Maybe that’s what’s wrong, I think. Maybe it’s because it’s getting so cold and so dark out. The wind swirls some dead leaves across the road. I shiver.

Dylan stops walking, runs his free hand through his blonde hair, then turns to face me. He takes my other hand in his, the way men do when they propose. In the dark light, I can’t tell that his eyes are green. They are just shadows, sad shadows. I shiver again. I want to go inside.

“Belle,” he says, voice serious, voice husky. This voice sounds nothing like his normal voice, all mellow and song like. A cat screeches down the road and it makes us both jump. I laugh because of it but Dylan doesn’t. He just stares and stares and starts again with that same serious voice. He sounds like a dad. “Belle, I want you to know that I’ll never love another woman.”

Not this again. I groan. Dylan is a skipping cd sometimes, stuck on the same track so I give him my normal response and think about how good it’ll feel when all this is over and we can go snuggle on the nice warm couch in my nice warm house. “That’s stupid. You’ll love lots of other women.”

He shakes his head.

“You will!” I say and repeat the lines I’ve been telling him all fall. “And that’s okay. That’s what happens in relationships sometimes. Love isn’t always an exclusive thing. We’ll take a break from each other in college and you’ll find girls who are way way prettier, and way smarter and way sexier than—”

He drops my hands and throws his own hand in the air. “Will you shut up for a second?”

“Hey…” My blood presses hot against my skin and I almost like it, because it isn’t cold.

“I am trying to tell you that I will never love another woman,” he accentuates every word. A dog barks. They sound the same.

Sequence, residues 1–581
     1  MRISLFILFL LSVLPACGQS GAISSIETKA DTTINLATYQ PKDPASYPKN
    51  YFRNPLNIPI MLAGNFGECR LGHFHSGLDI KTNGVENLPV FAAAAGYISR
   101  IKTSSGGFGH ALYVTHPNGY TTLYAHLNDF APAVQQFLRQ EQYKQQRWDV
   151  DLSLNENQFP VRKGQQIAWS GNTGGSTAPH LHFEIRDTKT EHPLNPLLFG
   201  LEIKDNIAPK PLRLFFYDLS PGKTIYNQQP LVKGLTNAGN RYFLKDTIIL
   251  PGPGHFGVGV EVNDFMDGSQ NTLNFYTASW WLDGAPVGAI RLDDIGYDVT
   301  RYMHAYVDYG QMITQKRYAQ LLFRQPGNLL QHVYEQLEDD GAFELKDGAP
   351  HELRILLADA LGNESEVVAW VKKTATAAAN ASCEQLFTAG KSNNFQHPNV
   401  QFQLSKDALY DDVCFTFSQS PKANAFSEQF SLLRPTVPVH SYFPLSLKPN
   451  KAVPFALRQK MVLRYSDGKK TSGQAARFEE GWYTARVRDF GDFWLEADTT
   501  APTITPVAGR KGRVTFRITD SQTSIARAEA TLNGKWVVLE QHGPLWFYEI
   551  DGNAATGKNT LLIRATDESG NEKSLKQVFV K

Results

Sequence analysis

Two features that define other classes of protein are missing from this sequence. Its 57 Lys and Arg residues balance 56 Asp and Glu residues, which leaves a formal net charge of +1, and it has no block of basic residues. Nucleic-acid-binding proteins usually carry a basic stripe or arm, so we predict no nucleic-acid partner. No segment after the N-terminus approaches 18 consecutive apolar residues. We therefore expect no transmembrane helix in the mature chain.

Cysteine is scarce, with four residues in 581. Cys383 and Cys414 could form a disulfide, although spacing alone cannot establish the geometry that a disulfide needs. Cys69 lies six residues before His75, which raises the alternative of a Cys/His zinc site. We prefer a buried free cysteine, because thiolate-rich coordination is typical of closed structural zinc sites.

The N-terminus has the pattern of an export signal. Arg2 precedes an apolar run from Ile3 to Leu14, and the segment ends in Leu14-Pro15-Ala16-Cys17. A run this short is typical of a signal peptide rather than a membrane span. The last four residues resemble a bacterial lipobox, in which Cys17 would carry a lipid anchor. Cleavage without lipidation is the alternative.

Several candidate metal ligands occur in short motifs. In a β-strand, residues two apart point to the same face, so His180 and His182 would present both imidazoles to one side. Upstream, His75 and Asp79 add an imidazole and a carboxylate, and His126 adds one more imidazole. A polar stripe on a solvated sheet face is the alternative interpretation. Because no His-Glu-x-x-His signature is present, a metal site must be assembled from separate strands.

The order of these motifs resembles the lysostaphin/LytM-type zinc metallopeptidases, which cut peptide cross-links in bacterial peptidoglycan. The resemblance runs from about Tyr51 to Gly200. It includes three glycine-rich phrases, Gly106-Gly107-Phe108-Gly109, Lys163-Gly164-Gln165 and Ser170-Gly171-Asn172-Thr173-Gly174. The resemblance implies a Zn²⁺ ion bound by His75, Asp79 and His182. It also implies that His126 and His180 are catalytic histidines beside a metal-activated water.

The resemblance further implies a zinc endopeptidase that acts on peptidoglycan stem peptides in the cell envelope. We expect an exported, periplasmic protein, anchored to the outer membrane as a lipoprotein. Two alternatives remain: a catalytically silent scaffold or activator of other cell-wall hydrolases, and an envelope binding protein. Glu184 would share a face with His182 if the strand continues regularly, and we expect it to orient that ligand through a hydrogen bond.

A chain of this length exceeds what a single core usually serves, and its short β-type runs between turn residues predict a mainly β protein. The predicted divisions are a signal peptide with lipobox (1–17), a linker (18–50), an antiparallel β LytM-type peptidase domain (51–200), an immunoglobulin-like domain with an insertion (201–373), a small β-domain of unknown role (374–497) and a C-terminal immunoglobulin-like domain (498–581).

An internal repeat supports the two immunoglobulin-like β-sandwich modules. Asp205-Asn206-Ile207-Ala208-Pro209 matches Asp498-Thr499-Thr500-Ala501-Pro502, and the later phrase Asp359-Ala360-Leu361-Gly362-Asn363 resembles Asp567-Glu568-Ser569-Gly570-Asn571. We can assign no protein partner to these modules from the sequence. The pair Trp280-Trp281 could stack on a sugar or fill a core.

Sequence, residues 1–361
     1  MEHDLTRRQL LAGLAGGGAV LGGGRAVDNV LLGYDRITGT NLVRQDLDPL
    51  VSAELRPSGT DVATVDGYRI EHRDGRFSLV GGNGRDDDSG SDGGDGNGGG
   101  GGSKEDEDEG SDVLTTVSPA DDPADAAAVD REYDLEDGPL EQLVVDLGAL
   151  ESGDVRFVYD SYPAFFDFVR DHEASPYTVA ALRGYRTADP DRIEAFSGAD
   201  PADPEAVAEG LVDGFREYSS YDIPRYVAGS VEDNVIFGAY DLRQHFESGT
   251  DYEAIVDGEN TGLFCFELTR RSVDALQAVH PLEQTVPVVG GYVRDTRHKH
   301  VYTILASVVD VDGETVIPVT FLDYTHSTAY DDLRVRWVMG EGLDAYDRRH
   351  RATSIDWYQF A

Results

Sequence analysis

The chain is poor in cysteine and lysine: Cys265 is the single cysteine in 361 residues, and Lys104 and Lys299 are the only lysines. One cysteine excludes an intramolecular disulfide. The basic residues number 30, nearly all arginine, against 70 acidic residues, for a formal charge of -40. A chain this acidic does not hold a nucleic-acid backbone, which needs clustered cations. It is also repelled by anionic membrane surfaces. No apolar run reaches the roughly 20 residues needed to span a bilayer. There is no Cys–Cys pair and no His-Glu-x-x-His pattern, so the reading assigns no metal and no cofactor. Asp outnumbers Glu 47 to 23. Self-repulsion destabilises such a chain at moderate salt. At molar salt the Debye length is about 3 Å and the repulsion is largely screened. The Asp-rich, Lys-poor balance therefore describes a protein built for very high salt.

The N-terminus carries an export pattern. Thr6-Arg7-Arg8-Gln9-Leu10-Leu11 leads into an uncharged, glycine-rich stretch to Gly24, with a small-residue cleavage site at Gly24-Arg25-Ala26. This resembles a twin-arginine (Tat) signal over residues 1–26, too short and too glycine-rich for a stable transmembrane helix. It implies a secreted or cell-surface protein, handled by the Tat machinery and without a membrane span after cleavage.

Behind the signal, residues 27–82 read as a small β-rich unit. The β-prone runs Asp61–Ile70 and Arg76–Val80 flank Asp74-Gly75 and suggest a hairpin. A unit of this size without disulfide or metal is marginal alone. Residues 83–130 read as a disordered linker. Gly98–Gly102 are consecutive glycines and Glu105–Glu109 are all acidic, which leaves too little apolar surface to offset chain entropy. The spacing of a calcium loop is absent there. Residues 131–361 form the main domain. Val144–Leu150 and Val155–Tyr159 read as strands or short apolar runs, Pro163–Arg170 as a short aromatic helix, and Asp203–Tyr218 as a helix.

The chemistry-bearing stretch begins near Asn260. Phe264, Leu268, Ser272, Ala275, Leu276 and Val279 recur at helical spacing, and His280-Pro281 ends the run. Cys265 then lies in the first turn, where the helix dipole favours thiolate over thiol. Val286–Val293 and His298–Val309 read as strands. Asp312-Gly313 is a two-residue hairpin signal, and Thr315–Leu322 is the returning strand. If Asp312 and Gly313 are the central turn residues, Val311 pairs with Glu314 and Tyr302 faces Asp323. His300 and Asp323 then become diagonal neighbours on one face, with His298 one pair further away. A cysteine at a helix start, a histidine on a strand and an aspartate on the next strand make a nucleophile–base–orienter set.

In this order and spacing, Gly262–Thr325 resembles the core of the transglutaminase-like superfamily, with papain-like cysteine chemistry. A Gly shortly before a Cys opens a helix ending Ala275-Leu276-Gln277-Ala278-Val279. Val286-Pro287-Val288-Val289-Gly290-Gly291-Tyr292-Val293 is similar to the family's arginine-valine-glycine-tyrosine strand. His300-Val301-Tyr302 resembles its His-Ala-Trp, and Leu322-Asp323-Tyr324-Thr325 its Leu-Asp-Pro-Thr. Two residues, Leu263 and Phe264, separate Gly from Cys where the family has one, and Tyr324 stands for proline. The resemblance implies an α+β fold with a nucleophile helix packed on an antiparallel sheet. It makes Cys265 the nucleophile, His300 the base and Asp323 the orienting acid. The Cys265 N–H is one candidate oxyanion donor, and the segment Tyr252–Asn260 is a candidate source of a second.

“And I’m saying you will.” I blow on my fingers to keep them from freezing.

“No, I won’t! I won’t! Alright?” He whips around, walks away two steps and comes back.

A plane flies above us. Its lights blink. It’s on its way to Europe probably. Sometimes when planes leave from Boston or New York they have emergency stops in the little airport nearby. It’s the last stop before Europe, the last chance for planes and crews. It’s a tiny airport but it’s got the longest runway in the nation, just a big strip of asphalt with nowhere to go but up.

Ice cracks on a stream behind me and I jump at the bang, but Dylan’s body stays still. His face though, turns hectic. He yanks in a breath. I wait for the explosion that always comes when his lips disappear and his fingers curl into themselves. I am not scared. I know him too well to be scared. He would never hurt me. The plane gets farther away.

Instead of an explosion, his voice is steady and strong, “I won’t ever love another woman because I’m gay!”

The world stops.

One century passes. Two. My mouth drops open. My legs bring me backwards, one step, another, and into the breakdown lane beside the road. My hand finds my mouth and covers it.

Dylan moves towards me, his hands outstretched. “I’m sorry, Belle. I had to tell you.”

My head nods. My mouth stays open but no words come out. My body slumps into itself and I crumble down onto the cold ground at the side of the road. It’s a praying position, on my knees, hands in front of me.

Dylan kneels too, and hugs me into him. “I love you, you know.”

I don’t say anything. What can I say?